This exhibit features newly acquired letters of a Union soldier involved in the bombardment of Fort Pulaski as well as a very rare letter by the Confederate Commanding Officer at Fort Pulaski reporting his thoughts and actions during the siege. Additional items on display are medical books published specifically for military surgeons who had limited battlefield medical experience. These books covered topics such as bandaging and amputations. The amputation kit belonging to Dr. William Preston Harden of Watkinsville, Georgia is also on display. Through August 14.
Additionally, Empty Sleeves: Amputation in the Civil War South, by Brian Craig Miller and published by the UGA Press, is the April selection for The Rest of the Story Book Club at the Special Collections Libraries. In this highly original and deeply researched work, Miller explores the ramifications of amputation on the Confederacy both during and after the Civil War and sheds light on how dependency and disability reshaped southern society. The group will meet April 28.
More info about the book
To follow book club news, sign up at the Facebook page
The only surviving signed manuscript of the permanent Constitution of the Confederate States of America will be displayed April 24 from 8 a.m. to 5 p.m. at the Richard B. Russell Jr. Building Special Collections Libraries.
Displayed only one day each year due to its fragility, the Constitution and an accompanying exhibit of related Civil War materials, including illustrations from Harper’s of President Lincoln’s funeral and information on battlefield medical practices, will be on display through summer. Items from a newly acquired collection providing a first-hand account of the Union bombardment of Fort Pulaski, will also be featured.
This April Fools’ Day will be one to remember at the UGA Libs
Habitat for Humanity International will frame a house, to be used as affordable housing in Athens, on the lawn of the University of Georgia Richard B. Russell Building Special Collections Libraries April 1.
The symbolic house framing will be the highlight of a program to announce the opening of the Habitat for Humanity International records at UGA’s Hargrett Rare Book and Manuscript Library. Habitat’s materials are the latest and largest addition to a growing body of related collections at Hargrett that revolve around the topics of housing, philanthropy, and social change. These materials document the formation, growth, and operation of one of the most recognized non-profit organizations as they have worked toward the mission of ending substandard housing around the globe.
The day’s activities include the ceremonial raising of an exterior wall of the house during a program beginning at 11:30 a.m. The theme for the day is “Preserving our Past, Building our Future.”
An exhibition of highlights from the collection that call attention to the history and international significance of Habitat for Humanity, including the philosophy of partnership housing; newsletters from Koinonia Farm, a Christian intentional farming community that would become the catalyst for Habitat’s establishment; photographs and memorabilia from significant projects, such as the Jimmy & Rosalynn Carter Work Project, Women Build, and the Global Village Program; and gifts of gratitude received by homeowner partners, including sculptures, paintings, and textiles will be on display in the Rotunda.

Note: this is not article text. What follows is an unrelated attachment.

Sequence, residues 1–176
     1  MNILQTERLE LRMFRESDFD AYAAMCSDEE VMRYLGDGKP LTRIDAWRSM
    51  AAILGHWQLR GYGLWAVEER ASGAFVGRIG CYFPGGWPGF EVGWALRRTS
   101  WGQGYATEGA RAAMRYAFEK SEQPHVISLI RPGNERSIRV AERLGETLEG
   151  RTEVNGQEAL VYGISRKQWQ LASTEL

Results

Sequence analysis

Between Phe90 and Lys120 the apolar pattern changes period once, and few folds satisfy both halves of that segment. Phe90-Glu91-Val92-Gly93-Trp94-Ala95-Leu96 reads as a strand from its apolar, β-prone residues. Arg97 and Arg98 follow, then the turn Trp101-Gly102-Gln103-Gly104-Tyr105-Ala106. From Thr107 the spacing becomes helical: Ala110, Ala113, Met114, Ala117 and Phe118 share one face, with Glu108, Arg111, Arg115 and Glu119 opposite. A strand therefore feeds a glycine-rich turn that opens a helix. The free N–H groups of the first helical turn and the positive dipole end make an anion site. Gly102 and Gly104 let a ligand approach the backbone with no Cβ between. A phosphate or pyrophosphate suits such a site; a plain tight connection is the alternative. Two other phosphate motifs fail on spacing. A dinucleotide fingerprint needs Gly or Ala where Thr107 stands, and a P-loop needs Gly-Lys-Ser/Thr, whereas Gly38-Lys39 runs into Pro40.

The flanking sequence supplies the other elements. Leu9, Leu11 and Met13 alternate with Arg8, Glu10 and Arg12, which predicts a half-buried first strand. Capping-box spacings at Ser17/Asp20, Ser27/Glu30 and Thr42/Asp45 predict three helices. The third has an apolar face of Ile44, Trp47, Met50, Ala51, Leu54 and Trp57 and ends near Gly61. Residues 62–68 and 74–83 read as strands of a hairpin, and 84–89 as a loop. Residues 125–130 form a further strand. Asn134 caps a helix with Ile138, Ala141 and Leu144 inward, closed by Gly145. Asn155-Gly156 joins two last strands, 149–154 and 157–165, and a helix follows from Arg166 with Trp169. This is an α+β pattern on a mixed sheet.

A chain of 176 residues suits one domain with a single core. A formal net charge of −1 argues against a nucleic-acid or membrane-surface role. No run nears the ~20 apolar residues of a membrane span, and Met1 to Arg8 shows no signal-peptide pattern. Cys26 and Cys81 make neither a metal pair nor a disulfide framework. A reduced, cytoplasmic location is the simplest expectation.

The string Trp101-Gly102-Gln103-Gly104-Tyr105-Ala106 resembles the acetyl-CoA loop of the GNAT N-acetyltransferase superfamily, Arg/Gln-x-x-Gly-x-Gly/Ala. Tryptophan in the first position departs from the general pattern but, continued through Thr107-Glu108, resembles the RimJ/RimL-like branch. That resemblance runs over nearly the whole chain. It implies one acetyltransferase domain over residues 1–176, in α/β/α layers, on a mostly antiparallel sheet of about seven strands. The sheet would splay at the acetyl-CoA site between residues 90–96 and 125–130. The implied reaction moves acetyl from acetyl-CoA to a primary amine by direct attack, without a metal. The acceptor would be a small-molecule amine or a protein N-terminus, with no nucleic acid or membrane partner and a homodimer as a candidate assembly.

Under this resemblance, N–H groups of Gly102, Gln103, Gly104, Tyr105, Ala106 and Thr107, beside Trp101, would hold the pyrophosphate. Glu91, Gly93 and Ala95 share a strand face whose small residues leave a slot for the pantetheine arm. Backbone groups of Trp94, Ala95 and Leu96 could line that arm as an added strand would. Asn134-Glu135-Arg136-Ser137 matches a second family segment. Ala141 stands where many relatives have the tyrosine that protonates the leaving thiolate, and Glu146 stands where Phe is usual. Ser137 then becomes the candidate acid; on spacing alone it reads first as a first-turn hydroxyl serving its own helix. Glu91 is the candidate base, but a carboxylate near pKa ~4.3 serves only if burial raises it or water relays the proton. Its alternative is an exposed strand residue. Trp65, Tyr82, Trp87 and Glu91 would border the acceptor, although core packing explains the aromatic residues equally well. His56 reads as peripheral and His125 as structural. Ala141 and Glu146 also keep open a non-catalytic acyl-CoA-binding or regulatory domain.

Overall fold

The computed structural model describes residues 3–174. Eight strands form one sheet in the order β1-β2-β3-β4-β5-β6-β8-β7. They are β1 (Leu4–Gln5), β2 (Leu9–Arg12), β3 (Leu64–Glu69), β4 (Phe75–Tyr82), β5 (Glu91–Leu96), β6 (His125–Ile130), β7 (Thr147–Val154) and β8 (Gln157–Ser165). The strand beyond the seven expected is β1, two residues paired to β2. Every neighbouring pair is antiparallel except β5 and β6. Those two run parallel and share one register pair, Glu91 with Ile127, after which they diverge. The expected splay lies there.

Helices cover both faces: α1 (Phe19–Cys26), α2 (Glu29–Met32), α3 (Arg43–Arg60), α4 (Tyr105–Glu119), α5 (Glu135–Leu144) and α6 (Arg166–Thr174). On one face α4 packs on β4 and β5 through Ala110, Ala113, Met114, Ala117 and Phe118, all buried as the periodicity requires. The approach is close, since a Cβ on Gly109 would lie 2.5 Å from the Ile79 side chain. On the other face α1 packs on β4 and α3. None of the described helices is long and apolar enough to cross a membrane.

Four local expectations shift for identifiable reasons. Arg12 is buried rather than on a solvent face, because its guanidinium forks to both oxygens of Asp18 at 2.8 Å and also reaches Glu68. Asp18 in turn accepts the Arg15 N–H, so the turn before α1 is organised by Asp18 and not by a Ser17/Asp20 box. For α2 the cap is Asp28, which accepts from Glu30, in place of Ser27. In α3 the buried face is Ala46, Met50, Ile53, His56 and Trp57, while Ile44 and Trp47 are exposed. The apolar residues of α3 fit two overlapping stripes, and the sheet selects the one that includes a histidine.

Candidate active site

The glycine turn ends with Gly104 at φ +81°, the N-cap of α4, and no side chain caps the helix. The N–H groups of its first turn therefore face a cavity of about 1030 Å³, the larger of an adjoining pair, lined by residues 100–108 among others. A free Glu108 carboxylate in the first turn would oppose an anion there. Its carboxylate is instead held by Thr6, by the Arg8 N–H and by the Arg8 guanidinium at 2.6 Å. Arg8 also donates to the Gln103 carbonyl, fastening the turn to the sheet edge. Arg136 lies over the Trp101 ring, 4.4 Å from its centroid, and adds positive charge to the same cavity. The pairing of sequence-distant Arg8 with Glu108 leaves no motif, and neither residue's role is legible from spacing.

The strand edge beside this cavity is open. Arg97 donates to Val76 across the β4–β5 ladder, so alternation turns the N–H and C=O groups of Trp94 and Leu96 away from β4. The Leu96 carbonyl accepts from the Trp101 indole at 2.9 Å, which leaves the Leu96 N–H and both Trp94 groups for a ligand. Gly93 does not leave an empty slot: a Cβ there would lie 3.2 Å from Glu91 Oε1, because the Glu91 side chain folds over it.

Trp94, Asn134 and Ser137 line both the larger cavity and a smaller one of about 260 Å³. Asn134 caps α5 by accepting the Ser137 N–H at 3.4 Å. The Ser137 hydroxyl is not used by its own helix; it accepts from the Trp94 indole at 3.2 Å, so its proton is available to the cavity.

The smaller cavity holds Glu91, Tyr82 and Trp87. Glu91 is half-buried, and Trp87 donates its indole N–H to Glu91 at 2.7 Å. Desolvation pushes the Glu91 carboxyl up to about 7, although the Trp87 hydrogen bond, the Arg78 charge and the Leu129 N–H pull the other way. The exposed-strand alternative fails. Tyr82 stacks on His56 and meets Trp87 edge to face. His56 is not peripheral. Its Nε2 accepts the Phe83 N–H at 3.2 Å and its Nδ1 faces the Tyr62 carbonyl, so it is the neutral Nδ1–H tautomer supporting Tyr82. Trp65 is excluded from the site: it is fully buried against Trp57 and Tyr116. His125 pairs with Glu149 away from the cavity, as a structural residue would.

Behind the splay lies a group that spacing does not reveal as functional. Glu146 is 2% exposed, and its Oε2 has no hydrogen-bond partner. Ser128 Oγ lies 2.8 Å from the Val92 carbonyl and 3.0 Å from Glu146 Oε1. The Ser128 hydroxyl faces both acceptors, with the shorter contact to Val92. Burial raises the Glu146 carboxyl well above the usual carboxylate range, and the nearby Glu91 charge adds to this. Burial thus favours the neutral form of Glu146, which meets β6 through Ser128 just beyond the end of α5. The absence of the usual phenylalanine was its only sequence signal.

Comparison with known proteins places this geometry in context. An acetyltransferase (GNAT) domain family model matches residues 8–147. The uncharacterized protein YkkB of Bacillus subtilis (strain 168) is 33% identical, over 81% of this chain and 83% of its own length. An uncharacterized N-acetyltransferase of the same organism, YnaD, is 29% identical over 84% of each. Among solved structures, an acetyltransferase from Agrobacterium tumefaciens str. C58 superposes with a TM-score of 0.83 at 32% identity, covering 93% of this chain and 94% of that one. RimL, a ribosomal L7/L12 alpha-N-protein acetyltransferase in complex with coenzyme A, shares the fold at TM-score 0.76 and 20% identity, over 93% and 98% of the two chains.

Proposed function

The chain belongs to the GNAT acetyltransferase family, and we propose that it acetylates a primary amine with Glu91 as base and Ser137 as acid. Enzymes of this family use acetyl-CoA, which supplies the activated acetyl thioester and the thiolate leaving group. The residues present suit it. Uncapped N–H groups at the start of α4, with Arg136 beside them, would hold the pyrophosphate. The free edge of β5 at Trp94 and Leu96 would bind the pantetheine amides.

After the event, which will involve UGA students and the Athens Habitat chapter, the structure will be moved by Athens Habitat for Humanity to the Carpenter’s Circle neighborhood, where it will be completed by local volunteers and become home to Kim Arnold and her daughter Molly.
“Habitat for Humanity International’s decision to place its materials with us establishes the UGA Special Collections Libraries as a resource on the grassroots movement to address affordable housing,” said P. Toby Graham, university librarian and associate provost. “They join a growing body of related collections in the Hargrett Library that revolve around the topics of housing, philanthropy and social change. Others include the Millard and Linda Fuller papers, the Fuller Center for Housing records, and the Clarence L. Jordan papers.”
What: March Meeting, The Rest of the Story Book Club
When: Tuesday, March 24, 5:30-7:00PM
Where: Room 258, Richard B. Russell Building Special Collections Libraries
Have you ever visited an exhibit and felt you only heard the first part of a truly great story?
If you’re a visitor who wants to learn more about the exhibitions at the Richard B. Russell Building Special Collections Libraries, then join us for this monthly book club with light refreshments and discussion on works connected to upcoming/ongoing exhibitions and programs here at SCL. The monthly titles are selected (and discussions led) by Special Collections staff who help to create these displays/programs, and invite readers to learn more about the topics explored and to take them into new, related areas of interest.
Monthly selections are available for purchase at Avid Bookshop, or for checkout through the UGA Libraries. This program is free and open to the public, co-sponsored by the University of Georgia Libraries and The University of Georgia Press.
For more information please call (706) 542-5788 or email Jan Hebbard at email@example.com.